The Parish Magazine December 2021


Serving the communities of Charvil, Sonning, & Sonning Eye since 1869

the sciences

Made by God with love

After the bright beam of annunciation

fused heaven with dark earth

His searing sharply-focused light

went out for a while

eclipsed in amniotic gloom:

His cool immensity of splendour

His universal grace

small-folded in a warm dim

female space

Romolo Tavani,

By Dr Ruth M Bancewicz, church engagement director at The Faraday

Institute for Science and Religion, Cambridge

The extract above from Luci Shaw’s poem 'Made Flesh'

captures something of the wonder of the moment when

the Son of God became an embryo.

How does a single cell turn into an infant, and what

does that process say about us — and God? These are the

questions that Professor Jeff Hardin, a developmental

biologist, asks. Having studied theology as well as science,

he has a unique perspective on embryonic development.

A new-born baby is made from about five trillion cells

that come in hundreds of different types, each of which

must be in the correct place for the child’s body to function

properly. Every new life is the result of intricate and highly

ordered processes.


Three things must happen as an embryo develops. First,

the cells must take on their identity as types of muscle, bone,

nerves, and so on. Secondly, each cell learns which part of

the body it belongs to, and thirdly, they move around to form

different tissues and organs. These are not three discrete

stages, they happen about the same time, building up slowly

like the different aspects of a picture coming into focus.

The three processes are driven by the movement of cells,

the connections between them, and the signals they pass

to each other. Jeff studies a sort of cellular glue which is

involved in joining cells together. Making and breaking these

adhesions can affect how cells move and signal to each other,

their identity in the body, how they are organised as groups,

and ultimately their survival. This glue is found on the

surface of cells throughout the animal kingdom, including

the small worms that Jeff’s lab studies.


For Jeff, peering into a microscope at tiny worm embryos,

it can be an act of worship and an exercise in art appreciation,

as he learns to appreciate the created order. Understanding

the complexities of development, while being aware that God

knows that process intimately as Creator and created, fills Jeff

with a profound sense of awe, wonder and worship. Does the

minute scale of our early development, compared with the vast

and ancient universe, give us a sense of insignificance?

When I look at your heavens, the work of your fingers, the moon and

the stars that you have established; what are human beings that

you are mindful of them, mortals that you care for them? Psalm 8

Such feelings can be a positive experience if they serve as

a reminder to be humble in the face of a vastly complicated

universe that is deeply meaningful, and made by God who

loves each of us.

the ARTS — 1

By Rev Michael Burgess

The Parish Magazine - December 2021 37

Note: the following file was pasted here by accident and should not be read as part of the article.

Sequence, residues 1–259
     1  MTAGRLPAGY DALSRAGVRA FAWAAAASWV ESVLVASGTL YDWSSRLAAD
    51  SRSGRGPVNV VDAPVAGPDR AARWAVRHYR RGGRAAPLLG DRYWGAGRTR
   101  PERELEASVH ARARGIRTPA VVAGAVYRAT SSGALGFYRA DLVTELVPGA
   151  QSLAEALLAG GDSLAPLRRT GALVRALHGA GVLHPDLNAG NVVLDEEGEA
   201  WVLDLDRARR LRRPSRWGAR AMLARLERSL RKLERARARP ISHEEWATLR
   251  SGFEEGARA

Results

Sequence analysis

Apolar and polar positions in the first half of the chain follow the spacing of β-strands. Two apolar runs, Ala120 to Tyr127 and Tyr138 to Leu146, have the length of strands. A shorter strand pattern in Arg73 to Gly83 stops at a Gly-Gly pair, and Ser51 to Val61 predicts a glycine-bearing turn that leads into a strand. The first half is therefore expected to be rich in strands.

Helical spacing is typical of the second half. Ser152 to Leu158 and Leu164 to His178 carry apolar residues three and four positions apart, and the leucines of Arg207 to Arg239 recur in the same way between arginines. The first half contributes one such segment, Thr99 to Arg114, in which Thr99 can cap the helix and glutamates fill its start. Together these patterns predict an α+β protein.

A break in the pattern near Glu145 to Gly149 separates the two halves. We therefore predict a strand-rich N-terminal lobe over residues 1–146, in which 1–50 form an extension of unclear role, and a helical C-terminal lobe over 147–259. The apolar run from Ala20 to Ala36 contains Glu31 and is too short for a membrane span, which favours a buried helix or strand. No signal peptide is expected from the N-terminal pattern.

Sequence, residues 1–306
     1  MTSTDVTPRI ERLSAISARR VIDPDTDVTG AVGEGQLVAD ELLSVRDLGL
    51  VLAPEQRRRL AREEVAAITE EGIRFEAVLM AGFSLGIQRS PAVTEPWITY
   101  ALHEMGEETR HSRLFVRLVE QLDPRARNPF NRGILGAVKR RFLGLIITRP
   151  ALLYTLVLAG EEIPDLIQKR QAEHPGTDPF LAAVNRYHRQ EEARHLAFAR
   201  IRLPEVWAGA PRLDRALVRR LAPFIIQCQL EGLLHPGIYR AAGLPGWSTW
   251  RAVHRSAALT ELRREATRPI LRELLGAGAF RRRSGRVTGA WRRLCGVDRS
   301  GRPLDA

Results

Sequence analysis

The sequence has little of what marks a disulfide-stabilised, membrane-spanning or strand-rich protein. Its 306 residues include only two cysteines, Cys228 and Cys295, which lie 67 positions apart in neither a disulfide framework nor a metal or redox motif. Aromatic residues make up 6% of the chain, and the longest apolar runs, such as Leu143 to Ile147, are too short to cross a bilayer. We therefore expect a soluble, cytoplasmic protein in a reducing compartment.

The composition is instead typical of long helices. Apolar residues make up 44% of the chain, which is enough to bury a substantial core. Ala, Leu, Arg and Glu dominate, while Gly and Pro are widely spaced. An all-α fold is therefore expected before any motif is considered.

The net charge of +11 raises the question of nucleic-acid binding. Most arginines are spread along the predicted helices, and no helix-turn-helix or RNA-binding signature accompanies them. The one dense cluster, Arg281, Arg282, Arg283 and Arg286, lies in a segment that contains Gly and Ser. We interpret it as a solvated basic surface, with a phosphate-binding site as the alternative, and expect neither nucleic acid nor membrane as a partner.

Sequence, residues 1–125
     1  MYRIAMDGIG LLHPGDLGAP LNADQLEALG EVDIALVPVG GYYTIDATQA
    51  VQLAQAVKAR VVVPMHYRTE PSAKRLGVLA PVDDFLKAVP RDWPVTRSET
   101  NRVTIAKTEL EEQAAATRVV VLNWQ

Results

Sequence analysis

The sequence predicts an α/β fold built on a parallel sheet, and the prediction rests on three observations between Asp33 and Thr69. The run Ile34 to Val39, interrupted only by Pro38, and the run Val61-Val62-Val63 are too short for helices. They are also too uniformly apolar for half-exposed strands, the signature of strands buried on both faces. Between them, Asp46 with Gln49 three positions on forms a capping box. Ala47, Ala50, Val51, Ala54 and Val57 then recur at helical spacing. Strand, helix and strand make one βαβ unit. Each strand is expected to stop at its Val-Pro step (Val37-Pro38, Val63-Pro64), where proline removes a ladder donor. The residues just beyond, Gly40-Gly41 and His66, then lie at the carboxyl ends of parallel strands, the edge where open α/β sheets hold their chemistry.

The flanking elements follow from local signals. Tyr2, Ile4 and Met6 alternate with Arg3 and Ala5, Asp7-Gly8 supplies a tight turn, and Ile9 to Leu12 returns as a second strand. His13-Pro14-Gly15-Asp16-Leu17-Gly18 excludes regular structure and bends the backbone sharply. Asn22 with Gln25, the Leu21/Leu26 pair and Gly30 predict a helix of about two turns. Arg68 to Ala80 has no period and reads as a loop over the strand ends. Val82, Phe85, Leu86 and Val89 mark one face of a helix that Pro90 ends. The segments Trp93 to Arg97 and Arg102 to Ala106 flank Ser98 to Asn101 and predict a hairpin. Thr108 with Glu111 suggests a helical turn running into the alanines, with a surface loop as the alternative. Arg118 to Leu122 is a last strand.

Shepherding and peace

The Parish Pump

In that region there were shepherds keeping watch over their flock

Old Testament shepherds were greatly valued and respected.

Patriarchs, prophets and kings had all tended sheep. Job, a

rich man, owned 14,000. David was tending sheep when he

was anointed as King by Samuel.

As the Israelites settled in towns and cities, they turned

to farming, and their attitudes towards shepherds changed.

By the time of the New Testament, shepherding had become

a dirty, lonely life. Shepherds could not observe the daily

religious rituals, so they had a low status in society.

But it was in the countryside that Luke tells us God’s

message was heard. Cities and towns had walls, but in the

fields there were shepherds, watching and alert for any

eventuality, and were the first to hear of the Saviour's birth.


The Annunciation to the Shepherds, (pictured above) by Sano

di Pietro is this month's painting. We know little about the

Italian artist other than he was born in Siena in 1406 and

died there in 1481. However, he left a legacy of beautiful

and sensitive paintings. As we look at this scene, we see the

human details: two shepherds huddled by the fireside with

their dog and a spear to ward off thieves and predators. All

three are looking up to see the angel. The sheep are safely

huddled together in a pen. The angel bears an olive branch in

one hand and the other one points to Bethlehem.

Luke had previously told us of another annunciation, with

Gabriel visiting Mary. Artists loved to portray this scene and

often showed a lily, the symbol of purity, in their paintings.

Here, the olive sprig is a symbol of peace that reinforces the

angelic message of peace in the birth of the Saviour.

Luke goes on to tell us how Jesus brought new meaning

and peace to all like the shepherds who were nobody in the

eyes of people, but everything to the eyes and heart of God.

Jesus often spoke about sheep and shepherds, with

parables about lost sheep, gates into pens, and hireling

shepherds. As the faithful shepherds were prepared to give

their lives to protect the flock, so Jesus, the Good Shepherd,

gave his life for the world — a death that would bring the

peace and reconciliation shown in the olive branch. At

Christmas we rejoice with the heavenly host to proclaim

the birth of the Prince of Peace and commit ourselves to the

work of peace and shepherding.

More magazines by this user
Similar magazines